A vast majority of leaders use Microsoft Outlook for their calendar. This calendar allows for the color coding of entries, with a full color palette to choose from. With almost every executive I have coached over the last eight years, I have challenged them to use the color coding scheme to assign colors to their top goals, and then trace the colors onto their calendar. I then ask them to step back and analyze the “story” that is told by the colors on their calendars. Time and again, these pictures have been worth at least 1,000 words. The immediate impact of this rearward-looking assessment is to drive awareness on the part of the leader of the importance of the activities that find their way onto his/her calendar. And to manage them.

In the same way that a contrail indicates the direction of an aircraft, so does a leader’s calendar, when evaluated in the right light, indicate their direction.

Seven Sins of Leadership- #7 Passivity

August 31st, 2013

We have arrived at the final sin in the Seven Sins of Leadership Series, passivity. Before unpacking this, a quick review is in order.

So far we have discussed six sins of leadership- anger, pride, paranoia, overused ambition, unpredictability and myopia. Leaders who fall victim to these sins all have one element in common, they are behaving dysfunctionally. They are doing something they would be better served not doing. Sin #7 is different. It involves not doing, which makes it insidiously different and lands it on the list.

The passive leader sits back and thinks, “Ah, now I have made it, better not screw it up.” So instead of continuing many of the productive behaviors that enabled them to achieve success, they simply lay back and do nothing. But in a VUCA (volatile, uncertain, complex, ambiguous) business environment, passivity is a byword for letting the market pass you by. The passive leader watches as slowly but surely, their competitors outflank and out position them into irrelevance. They hand wring over decisions, fearful of making a fatal mistake. If they can not snap out of it, they will certainly find themselves out of it, their job that is.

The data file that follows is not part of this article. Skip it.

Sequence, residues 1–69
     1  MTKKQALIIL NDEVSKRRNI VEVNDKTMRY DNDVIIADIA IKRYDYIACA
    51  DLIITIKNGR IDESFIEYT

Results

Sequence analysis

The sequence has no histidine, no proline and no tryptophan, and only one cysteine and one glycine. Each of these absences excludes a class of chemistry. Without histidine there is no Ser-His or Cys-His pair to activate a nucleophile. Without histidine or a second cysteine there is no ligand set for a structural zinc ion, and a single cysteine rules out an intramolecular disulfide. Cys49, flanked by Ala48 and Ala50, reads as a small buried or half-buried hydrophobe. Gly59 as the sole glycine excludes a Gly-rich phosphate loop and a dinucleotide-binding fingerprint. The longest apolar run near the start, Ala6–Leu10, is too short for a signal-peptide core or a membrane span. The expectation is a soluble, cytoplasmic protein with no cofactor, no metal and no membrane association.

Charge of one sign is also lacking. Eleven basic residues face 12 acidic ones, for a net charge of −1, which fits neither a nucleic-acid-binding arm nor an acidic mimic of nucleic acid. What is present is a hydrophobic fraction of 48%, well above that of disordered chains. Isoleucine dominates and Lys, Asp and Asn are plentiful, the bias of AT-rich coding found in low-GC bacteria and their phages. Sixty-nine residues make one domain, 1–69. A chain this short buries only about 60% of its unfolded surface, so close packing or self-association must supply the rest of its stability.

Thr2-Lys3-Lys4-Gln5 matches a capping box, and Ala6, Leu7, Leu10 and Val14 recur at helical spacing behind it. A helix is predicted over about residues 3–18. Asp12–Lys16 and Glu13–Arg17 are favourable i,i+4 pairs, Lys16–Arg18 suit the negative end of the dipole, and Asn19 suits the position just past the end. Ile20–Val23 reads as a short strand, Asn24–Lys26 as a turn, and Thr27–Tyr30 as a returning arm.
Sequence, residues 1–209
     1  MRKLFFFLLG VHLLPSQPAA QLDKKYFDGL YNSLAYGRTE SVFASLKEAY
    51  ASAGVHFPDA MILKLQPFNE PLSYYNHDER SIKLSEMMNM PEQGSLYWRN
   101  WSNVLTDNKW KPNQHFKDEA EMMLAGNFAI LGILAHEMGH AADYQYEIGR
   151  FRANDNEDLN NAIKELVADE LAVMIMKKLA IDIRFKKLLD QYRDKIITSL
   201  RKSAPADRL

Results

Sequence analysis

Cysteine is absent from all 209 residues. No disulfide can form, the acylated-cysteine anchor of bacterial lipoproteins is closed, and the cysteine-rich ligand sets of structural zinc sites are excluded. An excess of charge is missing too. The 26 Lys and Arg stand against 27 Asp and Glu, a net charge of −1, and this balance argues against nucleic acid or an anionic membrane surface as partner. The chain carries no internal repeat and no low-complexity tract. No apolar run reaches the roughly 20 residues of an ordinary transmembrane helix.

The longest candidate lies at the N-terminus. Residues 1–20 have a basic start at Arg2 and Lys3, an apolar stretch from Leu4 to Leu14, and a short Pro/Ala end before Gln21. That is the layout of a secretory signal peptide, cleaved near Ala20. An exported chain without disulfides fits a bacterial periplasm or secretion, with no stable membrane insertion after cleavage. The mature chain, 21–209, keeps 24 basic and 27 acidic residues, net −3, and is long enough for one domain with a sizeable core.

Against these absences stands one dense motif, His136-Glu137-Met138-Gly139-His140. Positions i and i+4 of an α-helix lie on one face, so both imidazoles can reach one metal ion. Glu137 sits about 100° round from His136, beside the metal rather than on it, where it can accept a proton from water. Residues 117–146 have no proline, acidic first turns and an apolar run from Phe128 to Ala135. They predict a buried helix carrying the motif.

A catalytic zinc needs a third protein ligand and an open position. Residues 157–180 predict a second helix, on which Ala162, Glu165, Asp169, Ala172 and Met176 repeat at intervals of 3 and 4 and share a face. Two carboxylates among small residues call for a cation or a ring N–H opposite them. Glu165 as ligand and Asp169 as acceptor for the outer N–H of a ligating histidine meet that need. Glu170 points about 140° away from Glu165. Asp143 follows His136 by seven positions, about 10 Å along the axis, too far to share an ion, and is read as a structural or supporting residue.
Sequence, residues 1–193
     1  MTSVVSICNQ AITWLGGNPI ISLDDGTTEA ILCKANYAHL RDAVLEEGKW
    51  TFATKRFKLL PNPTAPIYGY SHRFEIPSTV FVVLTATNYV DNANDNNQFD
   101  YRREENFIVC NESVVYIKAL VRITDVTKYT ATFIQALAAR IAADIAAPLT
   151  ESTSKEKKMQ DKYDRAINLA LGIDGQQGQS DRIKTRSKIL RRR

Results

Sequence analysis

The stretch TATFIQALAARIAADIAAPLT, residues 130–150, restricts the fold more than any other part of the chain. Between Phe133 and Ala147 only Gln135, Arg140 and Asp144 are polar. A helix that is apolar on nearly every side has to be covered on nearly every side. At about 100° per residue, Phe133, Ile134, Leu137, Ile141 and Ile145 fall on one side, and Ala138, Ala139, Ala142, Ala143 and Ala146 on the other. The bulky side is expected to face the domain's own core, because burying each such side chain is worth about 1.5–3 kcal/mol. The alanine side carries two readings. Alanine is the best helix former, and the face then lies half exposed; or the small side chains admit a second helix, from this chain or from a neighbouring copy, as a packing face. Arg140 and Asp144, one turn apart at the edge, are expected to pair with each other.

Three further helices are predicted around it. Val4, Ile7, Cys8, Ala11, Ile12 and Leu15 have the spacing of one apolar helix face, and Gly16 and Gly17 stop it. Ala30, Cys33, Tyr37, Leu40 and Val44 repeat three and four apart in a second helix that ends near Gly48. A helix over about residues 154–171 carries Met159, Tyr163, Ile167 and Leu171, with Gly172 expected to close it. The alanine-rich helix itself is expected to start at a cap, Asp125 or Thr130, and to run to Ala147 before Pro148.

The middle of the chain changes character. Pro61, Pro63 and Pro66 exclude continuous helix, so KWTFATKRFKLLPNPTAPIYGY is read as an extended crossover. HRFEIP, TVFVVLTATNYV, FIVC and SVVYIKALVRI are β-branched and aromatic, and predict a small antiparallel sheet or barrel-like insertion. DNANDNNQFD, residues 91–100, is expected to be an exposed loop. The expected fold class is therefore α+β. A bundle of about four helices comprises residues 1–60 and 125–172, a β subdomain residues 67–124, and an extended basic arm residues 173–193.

Newton’s First Law of Motion states an object that is at rest will stay at rest unless an external force acts upon it. The passive leader makes the mistake of thinking that this law does not apply to them. They believe that they can model passivity and play it safe until exigent circumstances require action. But alas, they are incorrect. By the time the urgent situation arrives, it is too late. Their muscles have atrophied. They are incapable of taking the appropriate actions. Unless an external force causes them to act, they simply continue to do the same thing, no thing.

Ironically, playing it safe as a leader is a surefire way to put yourself and your organization, in harm’s way. But no worries, if you do not change, you will not be in the role for long.